Predicted results to be used for Welsh exam grades

The Welsh Government has announced that A-level and GCSE students will be awarded the grades predicted for them by their teachers.

The government’s stance had been widely criticised by students and opposition politicians, but Education Minister Kirsty Williams said that she hoped the decision would ‘maintain confidence in the system’.

A total of 42 per cent of A-level grades predicted by teachers had been lowered when Welsh results were revealed alongside English results last week, prompting a petition calling for students to receive teacher predicted exam grades to be signed by more than 22,000 people.

Williams said that ‘given decisions elsewhere, the balance of fairness now lies with awarding centre assessment grades to students, despite the strengths of the system in Wales’.

Given the fallout over the algorithm used to calculate grades, the Welsh Government will pursue an independent review of the events ‘following the cancellation of this year's exams’.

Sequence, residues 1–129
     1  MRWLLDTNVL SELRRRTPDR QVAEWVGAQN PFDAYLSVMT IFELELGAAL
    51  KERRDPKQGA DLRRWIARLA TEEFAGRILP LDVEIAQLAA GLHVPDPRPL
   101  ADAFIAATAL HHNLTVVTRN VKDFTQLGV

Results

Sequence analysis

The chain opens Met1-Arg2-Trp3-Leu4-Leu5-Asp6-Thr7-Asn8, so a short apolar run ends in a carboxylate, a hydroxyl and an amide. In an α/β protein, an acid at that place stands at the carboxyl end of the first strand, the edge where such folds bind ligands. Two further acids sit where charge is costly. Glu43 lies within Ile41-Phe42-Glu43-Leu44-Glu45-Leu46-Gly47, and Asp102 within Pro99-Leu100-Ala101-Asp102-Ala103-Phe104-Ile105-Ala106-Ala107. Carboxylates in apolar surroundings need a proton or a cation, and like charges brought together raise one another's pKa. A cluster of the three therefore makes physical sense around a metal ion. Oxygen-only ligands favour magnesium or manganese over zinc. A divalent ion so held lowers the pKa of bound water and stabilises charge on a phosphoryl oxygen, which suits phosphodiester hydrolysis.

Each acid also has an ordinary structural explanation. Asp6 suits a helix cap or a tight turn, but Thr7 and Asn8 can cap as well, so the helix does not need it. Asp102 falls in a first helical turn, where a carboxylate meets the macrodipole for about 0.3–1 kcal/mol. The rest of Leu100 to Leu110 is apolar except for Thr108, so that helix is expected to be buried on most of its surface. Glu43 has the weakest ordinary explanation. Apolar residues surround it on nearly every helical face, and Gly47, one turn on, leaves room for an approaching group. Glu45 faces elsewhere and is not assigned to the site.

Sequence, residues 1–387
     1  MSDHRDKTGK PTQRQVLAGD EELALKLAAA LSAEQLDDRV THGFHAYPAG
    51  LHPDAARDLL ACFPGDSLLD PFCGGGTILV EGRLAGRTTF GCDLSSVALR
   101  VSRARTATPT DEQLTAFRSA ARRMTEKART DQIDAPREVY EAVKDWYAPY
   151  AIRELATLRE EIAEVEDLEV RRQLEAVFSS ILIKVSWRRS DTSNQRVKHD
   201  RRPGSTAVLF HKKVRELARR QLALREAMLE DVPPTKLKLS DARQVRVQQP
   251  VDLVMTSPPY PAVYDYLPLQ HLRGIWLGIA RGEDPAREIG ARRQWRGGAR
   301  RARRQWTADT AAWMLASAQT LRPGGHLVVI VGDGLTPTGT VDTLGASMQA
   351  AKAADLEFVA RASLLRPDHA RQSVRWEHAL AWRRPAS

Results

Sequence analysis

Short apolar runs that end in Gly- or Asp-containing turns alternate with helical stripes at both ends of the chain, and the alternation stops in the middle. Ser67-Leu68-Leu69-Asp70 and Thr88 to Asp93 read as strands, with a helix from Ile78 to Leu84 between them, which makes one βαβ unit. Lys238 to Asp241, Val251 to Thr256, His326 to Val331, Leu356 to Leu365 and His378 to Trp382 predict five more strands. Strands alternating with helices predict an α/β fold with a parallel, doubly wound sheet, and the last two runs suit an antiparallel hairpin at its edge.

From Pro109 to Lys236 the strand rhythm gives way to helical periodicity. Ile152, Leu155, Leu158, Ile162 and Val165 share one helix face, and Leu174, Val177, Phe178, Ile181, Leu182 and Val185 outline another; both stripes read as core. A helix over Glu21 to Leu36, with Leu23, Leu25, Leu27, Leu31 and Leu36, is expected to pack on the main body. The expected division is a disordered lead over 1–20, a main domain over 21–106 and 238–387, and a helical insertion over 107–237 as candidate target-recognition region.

The change also affects AS-levels, skills challenge certificates and the Welsh Baccalaureate. Students who received higher grades than those predicted by teachers will keep them.

Norther Ireland Education Minister Peter Weir had earlier announced that GCSE results in Northern Ireland will be solely based on grades provided by teachers. GCSEs taken with exams body CCEA - which provides about 97 per cent of GCSE exams in Northern Ireland - will be covered by the decision.

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